Level of Detail

Just a very quick one.

I logged onto SL recently and noticed that sculpts and meshes weren’t rendering properly unless I zoomed in, and I remembered that there is a debug setting to fix that and it must have got reverted for me at some time.

The fix is as old as the hills, but I thought I would note it down here simply so I can easily find it again. If it helps someone else too then so much the better.

Go to Advanced -> Debug Settings (or use Ctrl+Alt+Shift+S)
(If the Advanced menu is not enabled then enable it with Ctrl+Alt+D)

You need to set both the RenderAvatarLODFactor and RenderVolumeLODFactor settings.

A value of at least 4 is recommended, whilst 6 is better.

RenderAvatarLODFactor

RenderVolumeLODFactor

Compiling your own Viewer

Note: Although this article was first published in February 2014, I continually update it.

Last updated: 19-Jun-2017.


NOTE: This article assumes that you are a competent software developer who is comfortable with build environments and command windows. Most people will have no need to build their own version of Firestorm.


Back in September 2010 I wrote about the pain of compiling your own Viewer and of the efforts of my friends Mariana and Forestaurora to try to write tutorials on doing it. Fortunately, things have moved on enormously since then and now it is fairly easy to do a private build. A majority of the work is in setting up your build environment.

After encountering and solving a few “gotchas”, I have successfully built Firestorm v5.0.x under Windows 7 64-bit and also Ubuntu 16.04 LTS 64-bit and Ubuntu 17.04 64-bit.

I thought it was worth noting down the “gotchas” I encountered, which is what this article is about.  If it helps just one other person in short-cutting the issues I have had, then this article will have been worth writing.

So without further ado, here they are.

Continue reading

I still use MystiTool!

If you’re not familiar with MystiTool, it is a HUD that is a veritable Swiss Army knife of useful things. It dates back to the earlier days of Second Life, where many things we now take for granted were absent or severely basic. For example, you needed an object or HUD called a Flight Assist (or Flight Feather, or Flight Ring, or any number of other names) if you wanted to fly above 200 metres. Rather than take up valuable attach points, back in the days before we had multiple attach points, having that in the MystiTool rather than as a separate object was beneficial. Since then, the flight limit has been raised several times and then in 2012 was removed altogether, making that feature of the MystiTool redundant.
Similarly, as Viewers (both Third Party and Official) have added functionality previously offered by the MystiTool, so those too have become obsolete (or, at least, less useful). Examples include the Radar, scanning a sim for avatars, chat notifications (such as an avatar entering chat range), TP to camera, Favourites, and TP History. Some are only included in Third Party Viewers like Firestorm, but some have even made it into the Official Viewer.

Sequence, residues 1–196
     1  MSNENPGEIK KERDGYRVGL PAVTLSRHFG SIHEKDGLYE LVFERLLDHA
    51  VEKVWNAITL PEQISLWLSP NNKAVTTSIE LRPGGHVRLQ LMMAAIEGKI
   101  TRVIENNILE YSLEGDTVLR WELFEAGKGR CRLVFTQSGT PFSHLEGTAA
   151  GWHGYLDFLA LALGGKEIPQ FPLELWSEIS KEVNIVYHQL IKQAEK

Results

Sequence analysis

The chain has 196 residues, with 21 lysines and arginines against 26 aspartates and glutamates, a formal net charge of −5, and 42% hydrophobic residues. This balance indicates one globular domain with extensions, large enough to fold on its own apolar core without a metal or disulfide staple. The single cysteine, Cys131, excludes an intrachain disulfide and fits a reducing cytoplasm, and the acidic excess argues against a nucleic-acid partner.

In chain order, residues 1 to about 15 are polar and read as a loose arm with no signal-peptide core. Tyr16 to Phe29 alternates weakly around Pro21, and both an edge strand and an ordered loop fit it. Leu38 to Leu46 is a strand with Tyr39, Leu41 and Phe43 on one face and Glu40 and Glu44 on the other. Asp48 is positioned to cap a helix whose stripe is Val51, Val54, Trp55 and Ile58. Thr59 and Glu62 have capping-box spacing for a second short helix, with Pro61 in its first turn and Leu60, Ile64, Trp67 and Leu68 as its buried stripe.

The feature erosion is not too dissimilar to the history of Microsoft Windows; in the early days, various tools, utilities and applications filled in the gaps in functionality missing from Windows itself, and gradually Microsoft incorporated the ideas and made many redundant. A case in point was Icon Hear It which added sounds to events in Windows 3.11, and was rendered instantly obsolete by Windows 95 which had that built in. But I digress.

But that doesn’t mean that MystiTool is now obsolete, as there are plenty of features that are still useful. Furthermore, with v2.0 of MystiTool, many of these features are now implemented as plugins which means you can choose to uninstall them, which reduces your script count and memory usage by allowing you to prune them out. You can therefore trim the MystiTool right down to only those non-obsolete features that you actually use.

Personally, I regularly use the Elevator & Sky Platform Rezzer, the Pose Stand Rezzer (especially the more fully featured deluxe pose stand, although the basic one is also useful), Object Chat ID (useful for finding the owner of a chatty object), Facial Emoter (I use it for photography), Collision Notification, Avatar Information and Channel Listener (useful to find who is talking to scripted objects, but also for debugging your own).

As the feature set continues to shrink, the argument for having a MystiTool gets weaker. It is no longer the must-have tool that it once was, but for many ‘oldies’ like me (currently 6 years & 3 months, or 2300 days) it is something that has been part of our SL for so long that it is something to which we have become immensely attached (no pun intended) and will probably hold onto until completely redundant, if not beyond.

 


Further reading

I Still Use My Mystitool by Cheyenne Palisades